Published in 1998, this work aims to challenge not only those expatriates who work overseas as consultants or practitioners in aid programmes but also the agencies who support aid programmes from the West. It identifies the values that influence practice and questions the validity of the contribution that nurses overseas are able to make. The nurses use race, gender and knowledge as forms of power in order to "work effectively". Their role in supporting women for the promotion of better health in the developing countries is recognised. Yet the values which influence their practice can lead them to disable rather than enable the community they are seeking to help. An empowerment model is proposed with emphasis on the acknowledgement of racial heritage.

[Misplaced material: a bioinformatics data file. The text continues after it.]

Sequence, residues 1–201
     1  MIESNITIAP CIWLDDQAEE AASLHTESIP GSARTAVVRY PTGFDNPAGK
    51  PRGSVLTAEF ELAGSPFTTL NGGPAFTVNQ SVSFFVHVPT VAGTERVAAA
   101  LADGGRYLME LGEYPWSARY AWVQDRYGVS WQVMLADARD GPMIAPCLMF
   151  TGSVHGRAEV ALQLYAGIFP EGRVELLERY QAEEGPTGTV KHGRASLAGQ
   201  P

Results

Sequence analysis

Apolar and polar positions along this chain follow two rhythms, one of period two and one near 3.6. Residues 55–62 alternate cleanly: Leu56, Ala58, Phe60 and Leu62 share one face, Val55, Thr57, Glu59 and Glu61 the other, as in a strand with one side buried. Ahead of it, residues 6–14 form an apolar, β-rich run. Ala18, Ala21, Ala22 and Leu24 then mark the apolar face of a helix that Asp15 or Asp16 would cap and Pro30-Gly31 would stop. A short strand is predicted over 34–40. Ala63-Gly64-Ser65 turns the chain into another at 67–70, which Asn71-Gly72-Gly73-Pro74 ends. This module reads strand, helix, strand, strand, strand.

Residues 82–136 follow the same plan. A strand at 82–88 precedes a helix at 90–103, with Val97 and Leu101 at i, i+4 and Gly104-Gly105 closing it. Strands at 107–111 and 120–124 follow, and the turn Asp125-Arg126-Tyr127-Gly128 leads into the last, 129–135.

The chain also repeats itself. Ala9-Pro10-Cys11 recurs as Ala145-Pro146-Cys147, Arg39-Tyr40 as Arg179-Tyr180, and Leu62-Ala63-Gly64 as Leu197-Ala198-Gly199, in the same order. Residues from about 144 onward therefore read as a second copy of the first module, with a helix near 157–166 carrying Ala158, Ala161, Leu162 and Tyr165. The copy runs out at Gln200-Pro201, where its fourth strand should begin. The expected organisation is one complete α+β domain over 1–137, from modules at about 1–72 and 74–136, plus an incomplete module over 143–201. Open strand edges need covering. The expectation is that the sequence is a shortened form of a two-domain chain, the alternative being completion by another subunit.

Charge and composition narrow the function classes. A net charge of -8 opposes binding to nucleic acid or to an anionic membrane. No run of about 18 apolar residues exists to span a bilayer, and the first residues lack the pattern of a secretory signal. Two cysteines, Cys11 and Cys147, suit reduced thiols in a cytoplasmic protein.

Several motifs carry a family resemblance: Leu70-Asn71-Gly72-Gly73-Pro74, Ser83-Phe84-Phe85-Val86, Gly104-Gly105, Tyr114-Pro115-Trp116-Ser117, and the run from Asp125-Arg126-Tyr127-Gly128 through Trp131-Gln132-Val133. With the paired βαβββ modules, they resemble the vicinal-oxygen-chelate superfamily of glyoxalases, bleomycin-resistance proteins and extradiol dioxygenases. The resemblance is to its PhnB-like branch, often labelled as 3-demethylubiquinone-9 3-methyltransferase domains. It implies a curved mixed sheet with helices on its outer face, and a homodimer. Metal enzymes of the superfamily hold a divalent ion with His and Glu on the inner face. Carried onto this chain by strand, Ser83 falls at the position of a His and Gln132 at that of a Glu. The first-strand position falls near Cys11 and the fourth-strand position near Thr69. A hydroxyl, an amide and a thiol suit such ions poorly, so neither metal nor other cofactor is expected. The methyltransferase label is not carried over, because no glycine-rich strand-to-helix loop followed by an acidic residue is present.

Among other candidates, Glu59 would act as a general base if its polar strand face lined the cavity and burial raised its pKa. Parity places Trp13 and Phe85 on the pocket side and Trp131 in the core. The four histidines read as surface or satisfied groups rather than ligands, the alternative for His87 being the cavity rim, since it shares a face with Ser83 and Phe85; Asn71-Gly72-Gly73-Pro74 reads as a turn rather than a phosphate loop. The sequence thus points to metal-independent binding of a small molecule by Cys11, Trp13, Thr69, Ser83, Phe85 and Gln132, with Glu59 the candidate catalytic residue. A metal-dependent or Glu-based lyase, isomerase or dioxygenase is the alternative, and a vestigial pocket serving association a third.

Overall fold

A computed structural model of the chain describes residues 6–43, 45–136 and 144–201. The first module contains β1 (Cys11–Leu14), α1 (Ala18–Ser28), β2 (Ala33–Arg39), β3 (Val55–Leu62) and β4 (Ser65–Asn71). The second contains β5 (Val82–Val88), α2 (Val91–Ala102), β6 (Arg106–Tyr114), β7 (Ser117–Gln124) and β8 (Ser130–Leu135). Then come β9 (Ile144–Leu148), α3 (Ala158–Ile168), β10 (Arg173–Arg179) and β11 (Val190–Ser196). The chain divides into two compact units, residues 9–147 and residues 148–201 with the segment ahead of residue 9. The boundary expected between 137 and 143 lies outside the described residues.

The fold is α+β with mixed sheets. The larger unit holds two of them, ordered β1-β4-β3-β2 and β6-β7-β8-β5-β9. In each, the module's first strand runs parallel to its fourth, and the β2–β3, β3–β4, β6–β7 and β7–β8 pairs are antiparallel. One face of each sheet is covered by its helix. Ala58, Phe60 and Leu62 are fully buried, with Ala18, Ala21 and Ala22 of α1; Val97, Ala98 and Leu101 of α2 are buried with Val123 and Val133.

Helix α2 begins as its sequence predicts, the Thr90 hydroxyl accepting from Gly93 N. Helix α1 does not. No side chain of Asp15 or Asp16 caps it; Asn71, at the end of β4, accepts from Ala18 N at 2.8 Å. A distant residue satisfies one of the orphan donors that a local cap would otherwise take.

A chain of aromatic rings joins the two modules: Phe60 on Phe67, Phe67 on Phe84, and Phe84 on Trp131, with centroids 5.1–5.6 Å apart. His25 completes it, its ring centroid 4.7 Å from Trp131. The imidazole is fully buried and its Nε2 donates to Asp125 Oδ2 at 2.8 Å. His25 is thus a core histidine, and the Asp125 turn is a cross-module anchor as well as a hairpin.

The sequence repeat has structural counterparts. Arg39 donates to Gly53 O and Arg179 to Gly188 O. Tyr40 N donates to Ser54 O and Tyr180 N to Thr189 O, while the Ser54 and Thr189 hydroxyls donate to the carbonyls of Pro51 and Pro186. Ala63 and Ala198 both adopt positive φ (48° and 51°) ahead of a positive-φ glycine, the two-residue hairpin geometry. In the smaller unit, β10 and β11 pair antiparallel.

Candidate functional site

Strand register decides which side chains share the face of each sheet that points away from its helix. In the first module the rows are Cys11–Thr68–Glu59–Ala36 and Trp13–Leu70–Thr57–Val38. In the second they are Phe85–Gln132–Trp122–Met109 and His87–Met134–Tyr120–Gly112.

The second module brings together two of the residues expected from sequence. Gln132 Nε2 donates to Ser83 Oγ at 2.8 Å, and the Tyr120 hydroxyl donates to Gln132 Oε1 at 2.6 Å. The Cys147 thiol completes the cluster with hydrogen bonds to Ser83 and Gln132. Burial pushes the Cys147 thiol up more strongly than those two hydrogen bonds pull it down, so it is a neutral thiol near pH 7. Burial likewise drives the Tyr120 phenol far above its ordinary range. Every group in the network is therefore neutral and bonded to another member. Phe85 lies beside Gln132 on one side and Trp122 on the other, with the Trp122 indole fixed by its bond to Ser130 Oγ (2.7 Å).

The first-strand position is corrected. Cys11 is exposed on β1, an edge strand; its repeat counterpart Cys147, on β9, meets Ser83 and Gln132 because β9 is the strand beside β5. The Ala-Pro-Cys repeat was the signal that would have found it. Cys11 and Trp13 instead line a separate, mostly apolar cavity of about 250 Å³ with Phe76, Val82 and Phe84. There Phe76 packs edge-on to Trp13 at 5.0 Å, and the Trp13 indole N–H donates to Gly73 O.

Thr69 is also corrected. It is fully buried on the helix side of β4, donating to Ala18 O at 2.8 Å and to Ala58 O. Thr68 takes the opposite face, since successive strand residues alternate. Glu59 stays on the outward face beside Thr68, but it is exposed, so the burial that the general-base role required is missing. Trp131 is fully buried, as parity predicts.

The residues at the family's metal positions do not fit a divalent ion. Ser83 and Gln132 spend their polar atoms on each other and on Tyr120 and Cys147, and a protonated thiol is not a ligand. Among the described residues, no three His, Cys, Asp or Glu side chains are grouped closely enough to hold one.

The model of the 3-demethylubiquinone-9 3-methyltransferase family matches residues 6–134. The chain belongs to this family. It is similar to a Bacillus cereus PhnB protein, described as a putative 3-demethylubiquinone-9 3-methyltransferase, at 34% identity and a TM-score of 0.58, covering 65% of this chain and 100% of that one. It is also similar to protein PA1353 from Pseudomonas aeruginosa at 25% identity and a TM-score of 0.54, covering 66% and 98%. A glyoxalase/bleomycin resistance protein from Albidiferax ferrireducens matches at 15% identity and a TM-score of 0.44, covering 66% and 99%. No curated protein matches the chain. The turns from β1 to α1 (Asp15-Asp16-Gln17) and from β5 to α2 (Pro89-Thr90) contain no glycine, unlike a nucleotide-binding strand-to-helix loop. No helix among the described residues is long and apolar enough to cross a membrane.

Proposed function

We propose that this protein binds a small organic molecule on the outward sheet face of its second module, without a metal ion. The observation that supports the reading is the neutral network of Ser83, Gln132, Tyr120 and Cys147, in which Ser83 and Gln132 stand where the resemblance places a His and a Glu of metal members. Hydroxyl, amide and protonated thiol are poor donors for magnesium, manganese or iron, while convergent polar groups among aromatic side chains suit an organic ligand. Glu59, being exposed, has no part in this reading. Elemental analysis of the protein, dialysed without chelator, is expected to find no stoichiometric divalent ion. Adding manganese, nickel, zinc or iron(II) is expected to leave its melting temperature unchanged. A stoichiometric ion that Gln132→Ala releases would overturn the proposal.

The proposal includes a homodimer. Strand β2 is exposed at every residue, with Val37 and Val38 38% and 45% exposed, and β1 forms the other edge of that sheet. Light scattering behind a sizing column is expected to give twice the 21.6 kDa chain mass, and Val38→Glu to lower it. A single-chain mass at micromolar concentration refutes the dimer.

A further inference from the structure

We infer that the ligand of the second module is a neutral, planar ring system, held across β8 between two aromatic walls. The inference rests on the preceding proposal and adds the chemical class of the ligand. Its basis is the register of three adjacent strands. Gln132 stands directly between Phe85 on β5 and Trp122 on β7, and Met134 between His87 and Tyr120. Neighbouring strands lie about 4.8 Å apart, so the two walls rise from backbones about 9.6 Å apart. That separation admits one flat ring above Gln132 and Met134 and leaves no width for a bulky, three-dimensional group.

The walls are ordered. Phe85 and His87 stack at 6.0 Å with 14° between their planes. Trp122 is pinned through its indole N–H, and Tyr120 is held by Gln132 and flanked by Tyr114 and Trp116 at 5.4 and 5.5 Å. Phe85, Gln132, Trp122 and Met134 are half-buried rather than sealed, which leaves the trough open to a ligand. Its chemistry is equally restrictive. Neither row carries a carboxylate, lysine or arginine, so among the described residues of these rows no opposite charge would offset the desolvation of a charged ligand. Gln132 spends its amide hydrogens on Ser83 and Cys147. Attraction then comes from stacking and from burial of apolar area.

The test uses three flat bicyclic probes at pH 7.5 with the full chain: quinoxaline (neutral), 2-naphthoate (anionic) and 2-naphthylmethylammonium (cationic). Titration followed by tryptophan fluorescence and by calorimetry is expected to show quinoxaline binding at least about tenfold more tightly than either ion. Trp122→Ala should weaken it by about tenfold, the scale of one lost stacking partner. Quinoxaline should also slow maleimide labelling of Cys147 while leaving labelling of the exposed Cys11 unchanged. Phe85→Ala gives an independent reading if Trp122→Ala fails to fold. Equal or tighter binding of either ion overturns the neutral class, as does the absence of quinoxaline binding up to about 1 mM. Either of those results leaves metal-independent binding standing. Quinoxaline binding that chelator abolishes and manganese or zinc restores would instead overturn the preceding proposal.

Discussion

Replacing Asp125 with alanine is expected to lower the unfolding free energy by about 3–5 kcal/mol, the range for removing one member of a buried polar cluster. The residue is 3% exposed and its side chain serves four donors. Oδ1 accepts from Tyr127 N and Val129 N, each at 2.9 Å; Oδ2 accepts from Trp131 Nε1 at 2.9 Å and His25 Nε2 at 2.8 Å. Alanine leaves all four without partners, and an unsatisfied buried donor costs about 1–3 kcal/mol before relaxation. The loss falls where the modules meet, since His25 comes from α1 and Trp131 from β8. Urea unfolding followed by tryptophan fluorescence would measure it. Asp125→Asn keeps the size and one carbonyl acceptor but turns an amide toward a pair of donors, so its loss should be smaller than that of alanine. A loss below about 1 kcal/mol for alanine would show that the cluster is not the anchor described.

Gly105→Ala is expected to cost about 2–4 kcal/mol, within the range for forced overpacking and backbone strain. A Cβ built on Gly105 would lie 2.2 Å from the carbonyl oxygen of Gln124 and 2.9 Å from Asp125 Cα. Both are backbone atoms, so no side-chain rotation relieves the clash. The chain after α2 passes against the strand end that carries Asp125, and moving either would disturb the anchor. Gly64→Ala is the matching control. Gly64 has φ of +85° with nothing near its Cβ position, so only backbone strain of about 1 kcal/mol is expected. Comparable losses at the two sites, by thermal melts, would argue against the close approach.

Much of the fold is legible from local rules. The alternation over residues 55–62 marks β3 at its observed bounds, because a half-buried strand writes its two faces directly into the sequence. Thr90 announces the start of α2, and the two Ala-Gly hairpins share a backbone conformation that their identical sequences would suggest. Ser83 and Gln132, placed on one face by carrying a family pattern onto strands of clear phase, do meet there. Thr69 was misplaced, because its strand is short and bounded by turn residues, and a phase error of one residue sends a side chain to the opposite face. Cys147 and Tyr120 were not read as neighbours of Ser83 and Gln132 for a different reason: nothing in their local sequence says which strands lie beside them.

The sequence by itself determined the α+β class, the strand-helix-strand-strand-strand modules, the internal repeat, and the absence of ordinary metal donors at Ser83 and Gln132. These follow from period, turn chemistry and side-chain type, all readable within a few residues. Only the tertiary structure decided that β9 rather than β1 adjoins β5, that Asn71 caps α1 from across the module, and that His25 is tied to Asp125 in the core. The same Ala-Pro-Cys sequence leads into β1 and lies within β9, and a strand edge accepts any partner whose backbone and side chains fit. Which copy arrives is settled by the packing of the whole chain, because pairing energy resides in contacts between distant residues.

1. Background and purpose of the study 2. Literature review 3. Methodology 4. "Getting in the culture": a taxonomic analysis of an emerging domain 5. Discussion
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